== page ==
After meeting on health reform, Specter expresses surprise at public's outrage
By the time Sen. Arlen Specter set foot inside the Belmont Complex in East Franklin on Thursday afternoon, the crowd wanting answers was red-hot.
About 1,500 people waited for hours near Kittanning under the beating sun for the town hall meeting on health care reform. The 200 or so allowed into the hall greeted the Republican-turned-Democrat with rounds of thundering jeers reminiscent of a Jerry Springer show.
Some stood up and applauded, and so began a 90-minute showdown marked by passionate pleas for action, interruptions from angry hecklers and incessant chants that drowned out Specter's call for civility.
"Read the bill!" the crowd roared. "We will be taxed!"
Specter, in his fourth statewide town hall meeting and the closest to Pittsburgh, tried his best to remain calm, even when a man called him a liar and a war veteran questioned his morals.
"I'm here to listen to your concerns," Specter said. "The whole picture is open for discussion and that's why I'm here, to hear your views."
He took 30 questions from previously chosen individuals, who came from as far as Punxsutawney and arrived as early as 9 a.m. The crowd included retirees, registered nurses, union workers, a born-again Christian and a man who said he had obsessive-compulsive disorder. Some were dressed in shorts and T-shirts; others, business attire. They wore ball caps and American flag pins.
"What's the rush, sir?" said Trish Hamel of Mt. Lebanon, a lifelong Republican who expressed concern about Congress passing a bill before having time to examine it.
Specter kept most answers short and to the point. A cancer survivor, he said he wants every American to have health insurance and believes people should have annual examinations so they can be treated long before they develop chronic conditions.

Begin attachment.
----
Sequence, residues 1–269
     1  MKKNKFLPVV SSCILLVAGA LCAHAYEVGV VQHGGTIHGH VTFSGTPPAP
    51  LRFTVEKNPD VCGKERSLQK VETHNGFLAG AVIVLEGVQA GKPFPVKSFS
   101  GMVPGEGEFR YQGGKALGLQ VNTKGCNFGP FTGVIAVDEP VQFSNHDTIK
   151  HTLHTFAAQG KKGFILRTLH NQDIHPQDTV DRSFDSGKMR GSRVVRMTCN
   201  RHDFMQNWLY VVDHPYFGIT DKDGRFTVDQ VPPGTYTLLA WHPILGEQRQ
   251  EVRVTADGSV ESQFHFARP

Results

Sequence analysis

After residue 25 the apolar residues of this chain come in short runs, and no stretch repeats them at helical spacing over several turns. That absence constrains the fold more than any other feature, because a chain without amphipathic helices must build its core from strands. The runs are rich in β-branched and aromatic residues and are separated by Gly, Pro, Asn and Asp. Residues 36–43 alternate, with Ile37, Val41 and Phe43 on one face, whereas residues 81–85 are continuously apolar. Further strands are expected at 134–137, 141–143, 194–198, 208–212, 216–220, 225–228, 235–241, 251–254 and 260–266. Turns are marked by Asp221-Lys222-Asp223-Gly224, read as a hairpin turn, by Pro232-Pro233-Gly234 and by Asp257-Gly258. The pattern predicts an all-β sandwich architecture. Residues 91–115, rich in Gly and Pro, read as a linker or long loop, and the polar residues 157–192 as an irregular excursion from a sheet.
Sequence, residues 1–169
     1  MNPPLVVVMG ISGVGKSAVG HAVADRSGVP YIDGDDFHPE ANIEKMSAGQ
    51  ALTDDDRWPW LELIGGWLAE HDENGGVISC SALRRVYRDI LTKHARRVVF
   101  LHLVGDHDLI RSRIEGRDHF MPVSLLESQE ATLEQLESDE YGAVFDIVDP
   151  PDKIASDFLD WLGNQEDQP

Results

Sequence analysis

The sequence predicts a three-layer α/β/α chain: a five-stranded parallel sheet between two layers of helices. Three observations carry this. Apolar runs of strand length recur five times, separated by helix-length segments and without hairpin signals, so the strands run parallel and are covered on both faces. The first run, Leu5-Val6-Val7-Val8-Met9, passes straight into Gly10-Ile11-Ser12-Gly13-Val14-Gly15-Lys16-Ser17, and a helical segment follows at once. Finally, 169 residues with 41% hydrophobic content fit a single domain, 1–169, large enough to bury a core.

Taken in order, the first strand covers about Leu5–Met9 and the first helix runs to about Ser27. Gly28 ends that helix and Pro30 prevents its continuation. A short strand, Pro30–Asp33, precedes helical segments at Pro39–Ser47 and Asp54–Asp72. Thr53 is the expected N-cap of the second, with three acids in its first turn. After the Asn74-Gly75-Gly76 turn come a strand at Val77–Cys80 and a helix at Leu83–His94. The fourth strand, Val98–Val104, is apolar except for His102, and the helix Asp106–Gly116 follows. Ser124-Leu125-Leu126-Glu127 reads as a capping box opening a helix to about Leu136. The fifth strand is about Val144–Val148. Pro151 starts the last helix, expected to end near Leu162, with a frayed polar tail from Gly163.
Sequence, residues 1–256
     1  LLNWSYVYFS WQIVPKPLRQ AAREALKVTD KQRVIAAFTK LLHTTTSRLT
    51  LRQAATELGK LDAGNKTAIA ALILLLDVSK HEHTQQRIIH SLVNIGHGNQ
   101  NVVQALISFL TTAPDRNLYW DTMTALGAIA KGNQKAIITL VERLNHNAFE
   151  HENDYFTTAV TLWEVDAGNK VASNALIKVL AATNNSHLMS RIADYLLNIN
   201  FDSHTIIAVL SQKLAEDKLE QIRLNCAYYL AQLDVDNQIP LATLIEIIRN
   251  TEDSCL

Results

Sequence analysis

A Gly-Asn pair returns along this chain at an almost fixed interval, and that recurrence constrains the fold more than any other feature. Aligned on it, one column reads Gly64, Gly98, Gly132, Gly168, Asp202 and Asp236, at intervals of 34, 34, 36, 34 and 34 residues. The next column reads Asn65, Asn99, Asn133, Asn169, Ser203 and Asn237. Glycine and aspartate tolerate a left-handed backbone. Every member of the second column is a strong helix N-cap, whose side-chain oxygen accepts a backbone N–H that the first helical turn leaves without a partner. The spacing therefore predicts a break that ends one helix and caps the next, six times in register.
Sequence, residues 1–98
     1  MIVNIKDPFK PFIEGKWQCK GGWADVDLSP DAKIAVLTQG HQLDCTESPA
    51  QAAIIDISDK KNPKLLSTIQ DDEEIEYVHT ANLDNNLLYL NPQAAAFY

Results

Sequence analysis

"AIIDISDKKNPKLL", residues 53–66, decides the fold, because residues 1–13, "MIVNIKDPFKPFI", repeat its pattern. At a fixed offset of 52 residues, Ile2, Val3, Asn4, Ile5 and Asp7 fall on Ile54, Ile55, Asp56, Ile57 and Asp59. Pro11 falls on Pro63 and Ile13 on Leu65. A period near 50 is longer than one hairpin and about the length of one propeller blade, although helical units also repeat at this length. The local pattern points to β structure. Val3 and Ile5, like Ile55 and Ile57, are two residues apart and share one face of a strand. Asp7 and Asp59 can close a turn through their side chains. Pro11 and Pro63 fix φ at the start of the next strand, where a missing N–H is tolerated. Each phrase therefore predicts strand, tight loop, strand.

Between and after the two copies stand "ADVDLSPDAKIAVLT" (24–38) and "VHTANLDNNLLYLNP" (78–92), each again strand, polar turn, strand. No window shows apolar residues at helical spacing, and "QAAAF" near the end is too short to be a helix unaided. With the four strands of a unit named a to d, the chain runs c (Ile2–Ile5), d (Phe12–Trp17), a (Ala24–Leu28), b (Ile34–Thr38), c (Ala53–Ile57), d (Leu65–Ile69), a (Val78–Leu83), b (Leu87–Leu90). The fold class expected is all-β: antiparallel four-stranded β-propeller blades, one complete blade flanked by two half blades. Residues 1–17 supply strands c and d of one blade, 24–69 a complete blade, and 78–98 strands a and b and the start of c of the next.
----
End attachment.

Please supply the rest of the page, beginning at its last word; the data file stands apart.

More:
He said he will not support a program that precludes doctors from deciding the type of care patients should have. Under the proposed plan, he said, those who have private insurance could keep it.
Taunts followed many of his comments. When he said he wouldn't support a bill that would increase the deficit, many laughed. And when he said he wants to encourage people to stop smoking, one person yelled: "What about Obama smoking?" President Obama has said he struggles with an on-and-off smoking habit, reportedly for two decades.
The audience stood and cheered when Diane Aul of Penn Borough questioned why Congress can't create "an easily readable synopsis of this bill for the people."
"Whether people are for or against universal health care, they should be against this bill," Aul said. "It's a lousy bill."
The temperature in the packed room rose when John Phillips of North Apollo stood up and directed vein-popping outrage to Specter, standing a few feet away.
"You have great income, power and prestige, and you are using that on the backs of the American people," Phillips said as the crowd erupted in cheers. "You are talking down to the American people if you think we are that stupid."